New Poll Shows Cassidy With Slight Lead Over Landrieu in Louisiana

New Poll Shows Cassidy With Slight Lead Over Landrieu in Louisiana

A new poll from left leaning Public Policy Polling (PPP) shows Representative Bill Cassidy (R-LA) has a slight lead over incumbent Senator Mary Landrieu (D-LA) in a two person race in Louisiana’s U.S. Senate contest.

The poll, conducted of 1,141 likely Louisiana voters between September 25 and September 28, shows that in a two person runoff, Cassidy leads Landrieu by three points, 48% to 45%. The poll’s margin of error is 2.9%.

While polls in all other states with Senate races focus exclusively on the November general election, the new PPP poll measures voter preferences in the anticipated December runoff whose two contenders will be determined by the results of the November “jungle primary,” which is open to all candidates regardless of party affiliation. 

According to Louisiana election law, if no candidate receives 50% plus one vote in the jungle primary, the top two vote getters meet again in a December runoff.

The same PPP poll shows that Landrieu leads Cassidy by 42% to 34% in the jungle primary, with retired Colonel Rob Maness, a Republican, lagging far behind with only 12% of the vote, despite recently receiving an endorsement in May from Sarah Palin.

PPP concluded that “Maness continues to be no real threat to Cassidy’s chances of finishing in the top two- he is now 22 points out of second place compared to 19 points back on our late July poll.”

Voters in Louisiana appear to lack enthusiasm for any of the three leading candidates. All three have higher unfavorable then favorable ratings. Landrieu has a 42% job approval rating among likely voters, while 52% disapprove of her job performance. For a three term incumbent Senator to have a job approval rating in the low 40s is a sign of weakness, as is the fact that 10% more of her constituents view disapprove of her job performance than approve of it.

Cassidy’s performance is slightly better, but not much. 37% of voters view him favorably, while 41% view him unfavorably.

Maness performs at a similar level, though at a smaller scale due to his lower name recognition. Only 23% view him favorably, while 27% view him unfavorably.

The poll designers showed a sense of humor by asking voters whether Landrieu’s recent LSU football tailgating adventure–she poured beer into the mouth of a young man performing a keg stand in a widely photographed incident–hurt or helped her. The results, they concluded, were that “Landrieu’s well publicized efforts to help an LSU student with a keg stand at a football game are not part of her problem. 61% of voters in the state either say they approved of Landrieu doing that or that they don’t care, compared to only 36% who express disapproval.”

The poll also measured likely turnout levels in the event of a December runoff between Landrieu and Cassidy. “[O] n that front,” PPP wrote, “we find something that is at least a little disturbing for Democrats. 89% of likely voters for November also say that they will definitely vote in a runoff election if there is one. Among those voters Cassidy’s lead expands to 50/45.”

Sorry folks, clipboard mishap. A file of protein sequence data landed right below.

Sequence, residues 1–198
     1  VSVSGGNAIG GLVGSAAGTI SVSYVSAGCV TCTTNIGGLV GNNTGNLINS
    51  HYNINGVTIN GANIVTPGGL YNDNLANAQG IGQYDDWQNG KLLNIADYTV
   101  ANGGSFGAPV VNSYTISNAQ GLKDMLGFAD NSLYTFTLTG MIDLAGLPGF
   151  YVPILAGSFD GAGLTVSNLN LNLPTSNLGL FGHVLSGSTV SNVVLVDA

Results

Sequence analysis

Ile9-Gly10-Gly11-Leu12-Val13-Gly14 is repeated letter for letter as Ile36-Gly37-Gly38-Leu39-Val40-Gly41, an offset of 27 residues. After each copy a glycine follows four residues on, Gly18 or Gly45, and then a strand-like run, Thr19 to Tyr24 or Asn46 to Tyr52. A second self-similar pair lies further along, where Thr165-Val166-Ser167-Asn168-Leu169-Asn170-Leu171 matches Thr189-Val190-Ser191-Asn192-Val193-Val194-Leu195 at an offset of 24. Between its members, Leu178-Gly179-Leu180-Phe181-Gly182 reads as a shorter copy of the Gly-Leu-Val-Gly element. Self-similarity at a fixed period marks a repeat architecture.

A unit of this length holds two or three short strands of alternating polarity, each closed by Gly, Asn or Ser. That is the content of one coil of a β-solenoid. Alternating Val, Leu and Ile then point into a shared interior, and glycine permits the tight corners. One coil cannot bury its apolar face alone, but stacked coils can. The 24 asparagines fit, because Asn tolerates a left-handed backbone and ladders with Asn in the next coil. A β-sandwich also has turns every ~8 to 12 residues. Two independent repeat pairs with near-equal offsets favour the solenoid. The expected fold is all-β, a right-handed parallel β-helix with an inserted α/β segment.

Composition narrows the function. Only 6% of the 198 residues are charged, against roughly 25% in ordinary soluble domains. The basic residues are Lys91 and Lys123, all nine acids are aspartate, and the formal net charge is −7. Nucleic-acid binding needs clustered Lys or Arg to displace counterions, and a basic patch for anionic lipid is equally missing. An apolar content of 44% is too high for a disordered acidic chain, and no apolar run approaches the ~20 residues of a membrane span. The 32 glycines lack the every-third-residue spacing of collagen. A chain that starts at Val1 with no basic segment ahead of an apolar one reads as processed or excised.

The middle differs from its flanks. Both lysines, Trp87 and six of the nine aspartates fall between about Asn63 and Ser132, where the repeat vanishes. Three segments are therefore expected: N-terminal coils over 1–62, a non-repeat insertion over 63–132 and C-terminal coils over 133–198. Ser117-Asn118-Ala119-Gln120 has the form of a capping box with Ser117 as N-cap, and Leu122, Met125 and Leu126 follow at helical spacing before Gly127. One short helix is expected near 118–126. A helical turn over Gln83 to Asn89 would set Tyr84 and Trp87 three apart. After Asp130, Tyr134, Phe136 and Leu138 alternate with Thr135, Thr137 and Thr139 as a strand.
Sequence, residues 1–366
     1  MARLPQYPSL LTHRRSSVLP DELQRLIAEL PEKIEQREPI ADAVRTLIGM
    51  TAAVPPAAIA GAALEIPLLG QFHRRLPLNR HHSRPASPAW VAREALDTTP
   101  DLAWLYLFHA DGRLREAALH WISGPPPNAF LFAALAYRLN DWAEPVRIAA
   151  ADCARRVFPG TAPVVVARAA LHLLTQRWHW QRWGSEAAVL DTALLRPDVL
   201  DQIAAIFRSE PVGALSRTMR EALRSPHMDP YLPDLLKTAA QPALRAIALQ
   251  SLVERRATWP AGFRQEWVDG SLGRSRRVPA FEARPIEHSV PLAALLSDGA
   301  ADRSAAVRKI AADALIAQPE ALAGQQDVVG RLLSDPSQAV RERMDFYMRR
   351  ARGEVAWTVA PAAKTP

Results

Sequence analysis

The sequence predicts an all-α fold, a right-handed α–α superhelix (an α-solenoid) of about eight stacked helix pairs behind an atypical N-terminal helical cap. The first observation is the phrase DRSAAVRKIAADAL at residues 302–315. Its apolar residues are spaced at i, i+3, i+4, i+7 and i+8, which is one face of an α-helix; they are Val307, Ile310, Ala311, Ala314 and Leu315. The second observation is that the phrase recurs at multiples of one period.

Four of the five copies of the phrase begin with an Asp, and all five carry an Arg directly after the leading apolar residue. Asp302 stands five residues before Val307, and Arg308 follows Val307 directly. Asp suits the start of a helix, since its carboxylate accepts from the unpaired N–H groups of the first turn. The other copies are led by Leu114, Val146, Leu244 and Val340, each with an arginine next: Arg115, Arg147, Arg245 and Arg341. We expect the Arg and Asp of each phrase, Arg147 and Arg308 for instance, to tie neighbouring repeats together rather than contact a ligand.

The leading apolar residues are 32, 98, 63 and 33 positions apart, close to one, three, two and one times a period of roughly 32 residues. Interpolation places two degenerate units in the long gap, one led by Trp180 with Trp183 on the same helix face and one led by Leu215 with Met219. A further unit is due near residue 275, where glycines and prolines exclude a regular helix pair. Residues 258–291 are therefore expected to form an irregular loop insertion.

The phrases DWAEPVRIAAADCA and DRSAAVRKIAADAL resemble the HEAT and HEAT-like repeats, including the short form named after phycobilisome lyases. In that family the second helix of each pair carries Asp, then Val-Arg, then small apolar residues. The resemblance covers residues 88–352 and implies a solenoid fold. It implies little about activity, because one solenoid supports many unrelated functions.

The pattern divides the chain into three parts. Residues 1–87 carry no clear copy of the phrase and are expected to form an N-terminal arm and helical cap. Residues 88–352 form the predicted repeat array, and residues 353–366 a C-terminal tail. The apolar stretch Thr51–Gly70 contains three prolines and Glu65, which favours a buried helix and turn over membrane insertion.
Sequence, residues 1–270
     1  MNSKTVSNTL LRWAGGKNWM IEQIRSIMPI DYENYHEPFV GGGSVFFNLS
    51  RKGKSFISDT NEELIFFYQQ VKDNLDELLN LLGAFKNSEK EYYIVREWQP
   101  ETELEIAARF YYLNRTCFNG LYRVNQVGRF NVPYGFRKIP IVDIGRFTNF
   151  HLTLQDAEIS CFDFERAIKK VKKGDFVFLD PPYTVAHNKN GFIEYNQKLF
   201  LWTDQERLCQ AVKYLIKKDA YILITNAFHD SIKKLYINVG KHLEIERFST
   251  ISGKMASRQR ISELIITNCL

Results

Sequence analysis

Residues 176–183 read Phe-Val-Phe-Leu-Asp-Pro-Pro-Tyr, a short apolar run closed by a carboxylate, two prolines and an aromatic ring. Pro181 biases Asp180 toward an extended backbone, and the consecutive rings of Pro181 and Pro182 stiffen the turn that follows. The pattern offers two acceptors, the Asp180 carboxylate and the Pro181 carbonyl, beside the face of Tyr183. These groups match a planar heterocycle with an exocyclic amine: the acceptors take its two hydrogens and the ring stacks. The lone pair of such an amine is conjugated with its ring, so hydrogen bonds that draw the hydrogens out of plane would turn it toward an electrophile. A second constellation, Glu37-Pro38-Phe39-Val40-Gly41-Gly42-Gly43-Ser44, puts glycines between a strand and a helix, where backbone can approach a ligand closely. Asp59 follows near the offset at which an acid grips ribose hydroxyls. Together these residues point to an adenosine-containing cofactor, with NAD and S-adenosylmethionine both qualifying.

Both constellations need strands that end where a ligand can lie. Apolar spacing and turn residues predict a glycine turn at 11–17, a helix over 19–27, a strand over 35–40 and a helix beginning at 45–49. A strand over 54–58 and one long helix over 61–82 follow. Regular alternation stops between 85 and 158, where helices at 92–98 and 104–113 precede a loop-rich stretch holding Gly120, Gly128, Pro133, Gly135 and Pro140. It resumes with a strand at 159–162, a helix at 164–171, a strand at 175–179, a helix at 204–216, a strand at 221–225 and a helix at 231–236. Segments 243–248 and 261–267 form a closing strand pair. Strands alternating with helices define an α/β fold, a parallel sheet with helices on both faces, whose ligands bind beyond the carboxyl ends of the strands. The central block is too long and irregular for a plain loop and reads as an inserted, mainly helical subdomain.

But the poll also found something that fits well into the get-out-the-vote strategy of the Democratic Senatorial Campaign Committee (DSCC), which is to find and persuade Democratic “leaners” who usually don’t vote to cast a ballot for the Democratic candidate on election day. “Among the 11% of voters who say that the chances they will vote are 50/50, or that they will probably not vote Landrieu leads by 13 points at 40/27,” PPP stated.

“Making sure those folks actually come back out in December,” PPP concluded, “will be key to [Landrieu’s] chances.”

In that regard, the calendar may help Landrieu in ways the poll does not fully measure.

Between now and November, the DSCC’s “Bannock Street project” is focusing on ten key swing states, and will spend $60 million to create a get-out-the-vote machine they hope will turn 2014 into a 2012-style Democrat win, not a 2010 Tea Party-powered Republican landslide, using the same technology based community-organizing tactics that helped re-elect President Obama.

In a December runoff, the full force of that effort will be focused exclusively on one state–Louisiana.

While the Republican National Committee claims that its $100 million “Victory 365” get-out-the-vote effort is more than capable of competing with the Democrats turning out the vote with a robust ground game, that claim is as of yet unproven. If the results in other key Senate races in November demonstrate that the Republican turnout machine is not able to match the proven Democratic system, it is unlikely that Cassidy’s supporters will be able to right the ship in Louisiana in the one month before the December runoff.


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